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Article
May 1926

EXOPHTHALMIC GOITER: A FOLLOW-UP STUDY OF CASES TREATED WITH THE ROENTGEN RAY

Author Affiliations

NEW YORK

From the department of medicine, Columbia University College of Physicians and Surgeons, and the Presbyterian Hospital.

Arch Intern Med (Chic). 1926;37(5):627-640. doi:10.1001/archinte.1926.00120230032002
Abstract

Radiotherapy has been used in the treatment of hyperthyroidism for many years. The best controlled series of cases heretofore reported was that of Means and Aub1 from the clinic of the Massachusetts General Hospital. Since then it has been increasingly popular as a means of treatment until at the present time it is being employed in many of the larger clinics throughout the country to depress the activity of thyroid glands that are producing a thyrotoxicosis. To the patient it offers a simpler, less hazardous, and more accurately controllable procedure than does surgery, with an equally good prognosis, and as a means of treatment deserves more universal usage. Only the overwhelming statistics from surgical clinics have kept it from advancing more rapidly.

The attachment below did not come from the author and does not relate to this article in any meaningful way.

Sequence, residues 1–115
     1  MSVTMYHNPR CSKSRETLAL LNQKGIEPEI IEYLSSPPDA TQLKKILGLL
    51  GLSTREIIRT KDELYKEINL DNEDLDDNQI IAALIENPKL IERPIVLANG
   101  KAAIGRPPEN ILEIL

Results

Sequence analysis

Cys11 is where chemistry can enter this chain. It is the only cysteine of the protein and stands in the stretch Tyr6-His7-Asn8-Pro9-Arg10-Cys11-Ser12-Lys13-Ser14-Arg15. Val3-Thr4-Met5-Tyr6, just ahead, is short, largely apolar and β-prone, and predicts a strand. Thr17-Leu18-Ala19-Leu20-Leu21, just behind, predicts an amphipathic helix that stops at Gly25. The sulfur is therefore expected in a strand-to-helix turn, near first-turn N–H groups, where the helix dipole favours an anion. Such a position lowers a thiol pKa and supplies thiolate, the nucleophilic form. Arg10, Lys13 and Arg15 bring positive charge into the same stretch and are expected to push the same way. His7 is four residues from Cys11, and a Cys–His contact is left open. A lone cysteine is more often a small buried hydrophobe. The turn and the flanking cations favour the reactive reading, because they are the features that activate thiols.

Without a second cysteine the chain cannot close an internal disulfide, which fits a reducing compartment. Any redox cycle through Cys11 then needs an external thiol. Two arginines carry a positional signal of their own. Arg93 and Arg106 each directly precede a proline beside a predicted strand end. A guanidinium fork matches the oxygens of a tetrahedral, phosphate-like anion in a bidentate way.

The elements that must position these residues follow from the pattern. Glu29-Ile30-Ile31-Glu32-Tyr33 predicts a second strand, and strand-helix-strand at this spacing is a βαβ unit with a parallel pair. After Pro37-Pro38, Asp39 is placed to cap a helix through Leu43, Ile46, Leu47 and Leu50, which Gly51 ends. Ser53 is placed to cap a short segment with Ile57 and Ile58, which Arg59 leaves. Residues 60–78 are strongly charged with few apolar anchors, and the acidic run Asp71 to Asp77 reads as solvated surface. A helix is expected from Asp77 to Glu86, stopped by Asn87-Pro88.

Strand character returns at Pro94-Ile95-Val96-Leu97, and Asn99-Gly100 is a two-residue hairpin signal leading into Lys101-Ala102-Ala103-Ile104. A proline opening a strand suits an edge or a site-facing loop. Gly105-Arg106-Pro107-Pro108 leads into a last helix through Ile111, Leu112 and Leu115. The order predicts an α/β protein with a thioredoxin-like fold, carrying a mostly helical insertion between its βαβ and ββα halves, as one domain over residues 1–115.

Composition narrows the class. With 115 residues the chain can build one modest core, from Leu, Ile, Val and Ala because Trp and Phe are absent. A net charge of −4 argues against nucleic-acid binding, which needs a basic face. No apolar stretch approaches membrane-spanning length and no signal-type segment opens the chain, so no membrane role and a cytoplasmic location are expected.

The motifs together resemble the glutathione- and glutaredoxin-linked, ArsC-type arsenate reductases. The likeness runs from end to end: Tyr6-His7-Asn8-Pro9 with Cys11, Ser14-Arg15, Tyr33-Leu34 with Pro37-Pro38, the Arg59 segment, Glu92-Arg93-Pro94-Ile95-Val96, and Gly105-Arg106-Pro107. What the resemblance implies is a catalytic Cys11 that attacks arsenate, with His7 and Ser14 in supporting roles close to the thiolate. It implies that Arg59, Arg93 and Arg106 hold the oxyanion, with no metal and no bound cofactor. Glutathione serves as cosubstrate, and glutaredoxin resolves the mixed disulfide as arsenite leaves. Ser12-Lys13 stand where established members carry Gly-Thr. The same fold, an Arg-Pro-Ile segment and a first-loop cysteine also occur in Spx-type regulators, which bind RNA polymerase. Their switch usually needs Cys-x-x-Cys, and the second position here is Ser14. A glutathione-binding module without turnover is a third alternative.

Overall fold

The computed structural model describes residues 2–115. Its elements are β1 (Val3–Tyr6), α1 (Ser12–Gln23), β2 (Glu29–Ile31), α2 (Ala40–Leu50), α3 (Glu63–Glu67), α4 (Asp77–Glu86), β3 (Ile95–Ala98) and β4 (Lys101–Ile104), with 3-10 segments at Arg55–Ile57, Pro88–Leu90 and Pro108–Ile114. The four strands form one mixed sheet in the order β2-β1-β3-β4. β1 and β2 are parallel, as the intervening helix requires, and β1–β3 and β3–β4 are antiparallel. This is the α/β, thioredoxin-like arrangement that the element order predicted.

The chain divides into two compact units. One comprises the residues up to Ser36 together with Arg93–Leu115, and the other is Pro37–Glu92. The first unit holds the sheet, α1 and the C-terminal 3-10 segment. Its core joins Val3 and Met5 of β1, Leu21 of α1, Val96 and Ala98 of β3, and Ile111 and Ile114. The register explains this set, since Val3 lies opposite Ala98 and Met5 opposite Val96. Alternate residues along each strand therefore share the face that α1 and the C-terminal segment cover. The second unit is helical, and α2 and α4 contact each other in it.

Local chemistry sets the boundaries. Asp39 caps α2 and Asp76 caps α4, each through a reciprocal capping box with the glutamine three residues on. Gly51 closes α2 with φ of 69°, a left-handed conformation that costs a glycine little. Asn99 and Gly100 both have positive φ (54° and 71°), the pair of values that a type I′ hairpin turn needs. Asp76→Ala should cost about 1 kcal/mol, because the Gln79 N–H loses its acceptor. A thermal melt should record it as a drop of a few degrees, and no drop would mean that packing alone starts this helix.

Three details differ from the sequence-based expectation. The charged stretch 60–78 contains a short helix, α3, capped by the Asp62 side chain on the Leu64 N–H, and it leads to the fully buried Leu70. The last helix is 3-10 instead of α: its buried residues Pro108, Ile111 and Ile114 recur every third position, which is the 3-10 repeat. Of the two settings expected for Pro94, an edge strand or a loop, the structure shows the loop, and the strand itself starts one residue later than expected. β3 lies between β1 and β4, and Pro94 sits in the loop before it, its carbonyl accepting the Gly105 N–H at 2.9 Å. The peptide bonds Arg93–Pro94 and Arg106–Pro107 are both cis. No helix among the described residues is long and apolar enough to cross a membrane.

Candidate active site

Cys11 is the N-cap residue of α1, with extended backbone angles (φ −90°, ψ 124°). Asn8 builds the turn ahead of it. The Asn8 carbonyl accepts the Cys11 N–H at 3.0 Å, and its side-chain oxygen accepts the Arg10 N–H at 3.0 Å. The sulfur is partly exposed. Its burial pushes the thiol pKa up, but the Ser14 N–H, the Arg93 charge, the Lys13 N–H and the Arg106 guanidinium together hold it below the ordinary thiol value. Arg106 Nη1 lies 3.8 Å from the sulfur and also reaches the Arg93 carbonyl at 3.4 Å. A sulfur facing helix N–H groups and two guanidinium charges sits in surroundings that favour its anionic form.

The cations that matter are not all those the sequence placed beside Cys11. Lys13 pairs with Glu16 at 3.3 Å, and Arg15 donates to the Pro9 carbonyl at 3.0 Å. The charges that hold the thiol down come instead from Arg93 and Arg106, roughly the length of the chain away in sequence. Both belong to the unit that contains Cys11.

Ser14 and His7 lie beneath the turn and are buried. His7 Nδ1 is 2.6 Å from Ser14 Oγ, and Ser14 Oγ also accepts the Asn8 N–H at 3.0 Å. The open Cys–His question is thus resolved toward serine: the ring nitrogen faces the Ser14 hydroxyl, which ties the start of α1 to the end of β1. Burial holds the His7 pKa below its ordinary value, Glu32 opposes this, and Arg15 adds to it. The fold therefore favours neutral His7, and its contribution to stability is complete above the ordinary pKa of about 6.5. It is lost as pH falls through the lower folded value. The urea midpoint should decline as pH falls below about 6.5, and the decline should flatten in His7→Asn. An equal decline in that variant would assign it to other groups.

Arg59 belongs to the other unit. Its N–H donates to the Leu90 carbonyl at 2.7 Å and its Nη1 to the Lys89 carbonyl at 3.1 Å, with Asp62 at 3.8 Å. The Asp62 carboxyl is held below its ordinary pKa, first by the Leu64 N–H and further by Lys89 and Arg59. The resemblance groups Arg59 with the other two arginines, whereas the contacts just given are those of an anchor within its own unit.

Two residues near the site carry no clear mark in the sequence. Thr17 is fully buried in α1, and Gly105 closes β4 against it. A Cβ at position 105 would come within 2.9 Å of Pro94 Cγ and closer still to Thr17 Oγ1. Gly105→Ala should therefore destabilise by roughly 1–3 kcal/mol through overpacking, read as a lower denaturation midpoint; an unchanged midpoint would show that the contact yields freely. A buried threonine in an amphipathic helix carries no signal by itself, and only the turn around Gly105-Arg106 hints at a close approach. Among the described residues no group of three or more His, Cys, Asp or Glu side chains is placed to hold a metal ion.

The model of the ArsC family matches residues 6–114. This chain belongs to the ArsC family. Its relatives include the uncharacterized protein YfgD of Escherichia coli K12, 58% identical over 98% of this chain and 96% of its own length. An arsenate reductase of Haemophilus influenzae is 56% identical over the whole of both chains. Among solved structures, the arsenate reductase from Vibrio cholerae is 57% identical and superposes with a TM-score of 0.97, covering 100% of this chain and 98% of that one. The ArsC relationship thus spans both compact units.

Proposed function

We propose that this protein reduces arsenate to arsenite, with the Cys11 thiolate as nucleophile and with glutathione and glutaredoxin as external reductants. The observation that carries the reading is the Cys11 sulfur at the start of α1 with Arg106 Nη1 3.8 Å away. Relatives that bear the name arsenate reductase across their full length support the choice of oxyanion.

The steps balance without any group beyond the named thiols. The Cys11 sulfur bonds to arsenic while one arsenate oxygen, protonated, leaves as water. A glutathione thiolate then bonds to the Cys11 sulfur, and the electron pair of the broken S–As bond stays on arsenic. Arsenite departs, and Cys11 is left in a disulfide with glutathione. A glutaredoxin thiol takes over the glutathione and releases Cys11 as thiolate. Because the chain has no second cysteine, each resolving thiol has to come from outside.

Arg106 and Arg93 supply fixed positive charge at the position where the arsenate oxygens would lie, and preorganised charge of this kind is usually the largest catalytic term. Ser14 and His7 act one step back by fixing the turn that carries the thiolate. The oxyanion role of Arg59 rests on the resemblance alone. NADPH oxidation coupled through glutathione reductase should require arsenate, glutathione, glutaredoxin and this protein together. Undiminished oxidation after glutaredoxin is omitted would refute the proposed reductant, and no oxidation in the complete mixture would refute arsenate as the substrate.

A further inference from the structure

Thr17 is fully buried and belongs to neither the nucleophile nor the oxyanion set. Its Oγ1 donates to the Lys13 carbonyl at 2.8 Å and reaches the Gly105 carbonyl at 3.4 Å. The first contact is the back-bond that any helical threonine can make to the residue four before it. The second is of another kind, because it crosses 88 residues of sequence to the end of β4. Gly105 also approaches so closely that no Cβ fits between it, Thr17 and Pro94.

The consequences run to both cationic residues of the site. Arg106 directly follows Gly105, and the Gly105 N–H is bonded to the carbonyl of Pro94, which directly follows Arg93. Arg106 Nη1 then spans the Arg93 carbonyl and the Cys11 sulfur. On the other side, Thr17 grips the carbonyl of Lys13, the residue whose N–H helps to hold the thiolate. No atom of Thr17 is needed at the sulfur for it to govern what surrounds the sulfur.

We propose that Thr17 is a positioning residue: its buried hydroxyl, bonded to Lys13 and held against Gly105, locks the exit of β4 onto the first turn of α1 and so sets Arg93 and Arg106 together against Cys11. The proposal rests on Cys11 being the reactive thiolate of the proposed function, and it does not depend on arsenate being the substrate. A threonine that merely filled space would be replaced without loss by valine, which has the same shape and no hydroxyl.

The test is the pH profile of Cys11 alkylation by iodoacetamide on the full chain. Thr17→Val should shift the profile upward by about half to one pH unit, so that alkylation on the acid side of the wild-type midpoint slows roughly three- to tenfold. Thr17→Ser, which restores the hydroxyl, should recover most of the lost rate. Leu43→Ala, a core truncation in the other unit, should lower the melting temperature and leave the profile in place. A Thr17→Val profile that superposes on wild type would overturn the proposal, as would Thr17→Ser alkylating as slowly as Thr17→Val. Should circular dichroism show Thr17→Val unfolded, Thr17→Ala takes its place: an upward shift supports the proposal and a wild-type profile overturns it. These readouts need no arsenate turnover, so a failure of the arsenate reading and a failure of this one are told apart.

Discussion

The literature abounds in statistical studies of cases of exophthalmic goiter in which operations have been performed, but the results reported are either immediate results or follow-ups based

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